CUNA Comments on Interim Final Rule (Truth in Savings)

October 4, 2010

Mary Rupp
Secretary of the Board
National Credit Union Administration
1775 Duke St
Alexandria, VA 22314-3428

RE: CUNA Comments on Interim Final Rule (Truth in Savings)

Dear Ms. Rupp:

The Credit Union National Association (CUNA) appreciates the opportunity to comment on the National Credit Union Administration’s (NCUA’s) interim final rule that clarifies the recent final rule that amends Regulation DD, the Truth in Savings Act (TISA), as they apply to the disclosure of overdraft and returned-payment fees. CUNA represents approximately 90 percent of our nation’s 7,700 state and federal credit unions, which serve approximately 93 million members.

Summary of CUNA’s Comments

Discussion

In 2009, both the Federal Reserve Board (Fed) and NCUA amended Regulation DD to require all financial institutions to disclose on the periodic statement the fees charged for overdraft services and the fees charged for returning items unpaid, both for the statement period and for the year-to-date. The rule also provides a sample form that may be used to comply with these disclosure requirements.

The interim final rule clarifies that the term “Total Overdraft Fees” must be used on the period statement when describing the total amount of fees imposed for paying overdrafts, and the sample form reflects this terminology. However, we believe credit unions and others should have the flexibility to use the term “Total Overdraft Fees for Paid Items” instead of “Total Overdraft Fees.” This alternative terminology will further enhance the distinction between fees that are assessed for paid items, such as the per-item charge for overdraft transactions, and items that are returned unpaid, which are also required to be disclosed under these rules.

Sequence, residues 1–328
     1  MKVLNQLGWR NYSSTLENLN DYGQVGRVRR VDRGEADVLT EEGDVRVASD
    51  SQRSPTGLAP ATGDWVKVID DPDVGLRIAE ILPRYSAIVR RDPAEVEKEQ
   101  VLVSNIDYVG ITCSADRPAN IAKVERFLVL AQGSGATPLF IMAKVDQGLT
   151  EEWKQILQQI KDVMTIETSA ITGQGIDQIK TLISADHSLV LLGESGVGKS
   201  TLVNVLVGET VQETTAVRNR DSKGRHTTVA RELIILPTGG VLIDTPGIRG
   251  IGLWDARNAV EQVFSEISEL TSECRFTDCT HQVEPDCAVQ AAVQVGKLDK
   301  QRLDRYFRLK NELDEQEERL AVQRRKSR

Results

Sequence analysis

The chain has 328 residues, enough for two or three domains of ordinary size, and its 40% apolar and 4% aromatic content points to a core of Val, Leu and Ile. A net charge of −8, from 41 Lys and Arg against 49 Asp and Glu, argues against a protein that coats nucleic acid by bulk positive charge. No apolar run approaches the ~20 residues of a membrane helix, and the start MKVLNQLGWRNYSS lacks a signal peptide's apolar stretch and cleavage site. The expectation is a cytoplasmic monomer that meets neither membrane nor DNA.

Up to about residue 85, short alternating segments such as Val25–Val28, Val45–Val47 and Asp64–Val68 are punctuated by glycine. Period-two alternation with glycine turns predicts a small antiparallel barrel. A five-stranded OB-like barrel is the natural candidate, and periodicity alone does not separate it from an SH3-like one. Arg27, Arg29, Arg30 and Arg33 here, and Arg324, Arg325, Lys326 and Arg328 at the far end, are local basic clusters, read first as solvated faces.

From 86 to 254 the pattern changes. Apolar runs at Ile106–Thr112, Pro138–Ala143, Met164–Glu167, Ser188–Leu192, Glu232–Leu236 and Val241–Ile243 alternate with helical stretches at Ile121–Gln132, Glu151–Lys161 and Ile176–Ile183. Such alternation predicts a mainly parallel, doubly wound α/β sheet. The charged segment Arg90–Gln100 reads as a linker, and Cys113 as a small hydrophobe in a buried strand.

In addition, the interim rule will incorporate additional, minor technical changes to the sample form that is to be used to disclose the total overdraft and returned item fees. While the existing and new sample forms are substantially similar, these changes will require credit unions to reformat these disclosures. This will impose additional burdens on credit unions that will have to make this minor change, which will not have any impact on the applicable information that is provided to members. For this reason, NCUA should provide the flexibility necessary so that credit unions may continue to use the original version of this sample form.

We understand that under TISA NCUA must issue rules that are substantially similar to the rules issued by the Fed and that the Fed’s rule requires the term “Total Overdraft Fees” and the use of the slightly modified sample form. However, the flexibility we are requesting will have no impact on the substantive provisions of these rules and, therefore, even with these differences the rules issued by NCUA and the Fed will still be “substantially similar.” For this reason, we believe NCUA should provide the flexibility that we are requesting and should not be concerned that these changes will violate the “substantially similar” provisions of TISA.

Thank you for the opportunity to comment on these clarifications to Regulation DD. If you have questions about our comments, please contact Senior Vice President and Deputy General Counsel Mary Dunn or me at (202) 638-5777.

Sincerely,

Jeffrey P. Bloch
Senior Assistant General Counsel